Thursday, 20 July 2017

Into the Dalek

Chapter The 60th, where a new Doctor is still proving to be surprising.

The Doctor is suffering from a not previously mentioned or suspected crisis of conscience and hatred of soldiers, the sort of obsessions he has sometimes that only last for exactly one year. He arrives at Coal Hill School and drags Clara off into a Dalek/Human battle in some unspecified corner of Space-Time so they can both be miniaturised and injected into a rusty Dalek that has malfunctioned and is now good. The Doctor fixes the Dalek and it becomes bad again, and he seems unduly surprised by this fairly obvious turn of events. Outside, the Dalek calls in all its mates and everyone starts getting exterminated; on the inside, the Doctor and Clara try to make the Dalek good again, by reawakening its suppressed memories, and connecting its brain to the Doctor's. This works, but only because the Dalek is convinced by the Doctor's overwhelming hatred that all Daleks should be destroyed. In other news, a teacher called Danny Pink starts at Coal Hill, and agrees to go on a date with Clara. He'll likely last exactly a year too.

Watched on my own one evening on Blu-ray, then I watched it again the following night just to familiarise myself with the details, as it was one of those odd episodes that I hadn't rewatched very often, and it had maybe not touched the sides of my mind when it first went out. I don't know why this might be, it should have been a big one: first regular episode after the post-regeneration feature-length special the week before, big name director, and a new Doctor getting his first face-off with the Daleks.

First-time round:
So, why when I watched this on its first BBC1 broadcast in 2014 did it not make much of an impression on me? It's a different angle on a Dalek story. Trouble is, this different angle is utterly hackneyed. Shrinking the heroes had been done at least three times before in Doctor Who, as well as in countless other shows and films. The very first Doctor Who story was originally intended to be the same 'minscules' idea, and it eventually got made (as Planet of Giants) in the first recording block. 

Another reason might have been my mood at the time of watching, a little down at having to imminently go back to work after a couple of weeks of Summer leave. We'd had friends round and drinks for Deep Breath, then the family had spent some time away, in a Doctor Who themed holiday cottage no less, the Pet Shop Boys had cameoed in The Archers and all had been alright in the world; now it was time to get back to the everyday. I think Doctor Who itself was going through something similar. The 50th anniversary hoopla was still fresh in our minds, Capaldi's debut had been shown in cinemas across the globe, and had been preceded by the show's stars going on a world tour for flip's sake. This wasn't sustainable, and perhaps - just a little bit - everything from Into the Dalek onwards feels like the hangover after a big party.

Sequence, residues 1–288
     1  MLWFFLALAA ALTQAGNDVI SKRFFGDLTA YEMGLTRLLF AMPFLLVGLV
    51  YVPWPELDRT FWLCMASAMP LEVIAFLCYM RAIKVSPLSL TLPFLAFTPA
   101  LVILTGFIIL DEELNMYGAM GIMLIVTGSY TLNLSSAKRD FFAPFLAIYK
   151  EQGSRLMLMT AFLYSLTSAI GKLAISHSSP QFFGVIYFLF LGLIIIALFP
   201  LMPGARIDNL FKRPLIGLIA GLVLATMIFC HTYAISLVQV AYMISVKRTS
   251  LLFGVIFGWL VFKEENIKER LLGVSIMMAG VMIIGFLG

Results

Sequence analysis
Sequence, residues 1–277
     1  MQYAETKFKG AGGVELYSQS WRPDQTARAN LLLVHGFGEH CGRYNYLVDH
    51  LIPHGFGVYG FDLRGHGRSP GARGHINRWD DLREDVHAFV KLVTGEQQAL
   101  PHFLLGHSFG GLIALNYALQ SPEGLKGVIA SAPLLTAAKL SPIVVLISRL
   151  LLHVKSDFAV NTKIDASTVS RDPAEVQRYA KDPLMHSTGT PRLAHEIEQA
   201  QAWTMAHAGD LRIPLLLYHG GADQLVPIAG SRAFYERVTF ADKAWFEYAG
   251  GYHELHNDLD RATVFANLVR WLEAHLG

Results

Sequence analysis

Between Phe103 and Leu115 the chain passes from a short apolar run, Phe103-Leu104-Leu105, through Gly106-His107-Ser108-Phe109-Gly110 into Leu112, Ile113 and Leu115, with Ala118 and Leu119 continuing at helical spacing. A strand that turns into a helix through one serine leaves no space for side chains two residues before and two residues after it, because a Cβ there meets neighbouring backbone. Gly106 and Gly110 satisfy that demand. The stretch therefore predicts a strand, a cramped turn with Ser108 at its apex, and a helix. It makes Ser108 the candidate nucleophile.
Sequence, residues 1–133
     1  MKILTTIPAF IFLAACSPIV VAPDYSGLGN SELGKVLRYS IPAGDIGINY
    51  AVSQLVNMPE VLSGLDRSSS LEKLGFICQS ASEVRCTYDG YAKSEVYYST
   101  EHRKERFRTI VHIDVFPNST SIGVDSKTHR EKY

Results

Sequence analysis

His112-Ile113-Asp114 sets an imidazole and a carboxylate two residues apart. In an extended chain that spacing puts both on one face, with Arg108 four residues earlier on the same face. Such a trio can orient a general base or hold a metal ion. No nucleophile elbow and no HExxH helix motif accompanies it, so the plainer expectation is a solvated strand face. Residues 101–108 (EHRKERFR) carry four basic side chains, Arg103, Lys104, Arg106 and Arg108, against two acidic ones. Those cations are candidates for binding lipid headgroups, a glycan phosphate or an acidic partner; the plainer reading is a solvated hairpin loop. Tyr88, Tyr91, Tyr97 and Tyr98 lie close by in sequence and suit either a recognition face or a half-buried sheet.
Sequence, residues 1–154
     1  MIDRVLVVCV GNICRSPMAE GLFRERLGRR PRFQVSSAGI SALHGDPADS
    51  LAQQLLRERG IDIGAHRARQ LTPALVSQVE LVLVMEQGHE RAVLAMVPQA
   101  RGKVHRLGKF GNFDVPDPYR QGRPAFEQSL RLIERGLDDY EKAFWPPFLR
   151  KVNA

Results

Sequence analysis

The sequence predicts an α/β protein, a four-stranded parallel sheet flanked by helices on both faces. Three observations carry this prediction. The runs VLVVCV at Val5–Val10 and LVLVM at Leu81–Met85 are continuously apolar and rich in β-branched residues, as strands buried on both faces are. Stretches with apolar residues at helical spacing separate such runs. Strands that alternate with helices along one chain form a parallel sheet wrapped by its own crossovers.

As they do with US presidents in their second term, people often see the outgoing holder of the role, once a successor has been named, as something of a lame duck Doctor. This might be why lately there seem to be more and more rumblings of discontent in that arena of truth and fairness that is the internet about Capaldi's era as a whole. Unscientific analysis time: most people seem to be frustrated wanting more as they enjoyed his final year, but only enjoyed one out of his two years before that. Interestingly, these people seem to break evenly into two camps - one camp loved the stories of the abrasive short-haired Doctor of Capaldi's first series, but hated the offerings featuring the Sonic Sunglasses Kid the year after; the other camp, of course, vice versa. I am in the first camp; I loved the run from Deep Breath to Last Christmas, and was underwhelmed by 2015's stories (Heaven Sent excepted). Maybe the stories were better in 2014 (they were certainly shorter); but, it could be more because of people's expectations of how much darkness they want from the lead. I have a lot of tolerance for a Doctor that can be caustic, particularly if he has a companion to act as his conscience (or - as it's put, in Into The Dalek's best line, "[She's] my carer, she cares so I don't have to.")

That's not to say the darkness of series 8 doesn't sometimes overstep the mark. When the blog gets to it, there's scope for reams of arguments back and forth as to whether Dark Water / Death In Heaven is an unflinching look at mortality or a ghoulishly insensitive mess; but nothing in 2014 to my mind comes close to being as wrong as, say, Sleep No More from 2015. Into the Dalek edges toward that mark with the Doctor's callousness around Ross's death, giving him - and the audience - false hope; but he does that to save everyone else, so you sort of forgive him, until they find themselves in the Dalek's internal equivalent of a charnel house, and the Doctor explains that Ross is also here, liquefied, as the "top layer, if you want to say a few words".

The Doctor is being painted in a negative light both in the Ross section, and at the end where the resolution is dependent on his levels of internal hate. This would make more story sense if he weren't already questioning himself at the beginning of the story, before any of this has happened. It's a very odd structural mistake: Doctor has crisis of conscience before he goes on punishing adventure that highlights his flaws? All it needs is to swap the "Be a pal, am I a good man?" bit to the end, and it makes everything so much better.  Otherwise, it makes his soul-searching seem so hollow when he's being cold about characters' deaths and prejudiced about the possibility of Rusty's redemption. It's not the only flaw too: the characters are a bit nothingy, and the narrative steers too close to quite a few previous adventures of the soldiers of Skaro, particularly 2005's Dalek. It is brave, perhaps, to be pretty much quoting the "You would make a good Dalek" line from that earlier show here, in a not nearly as well told tale.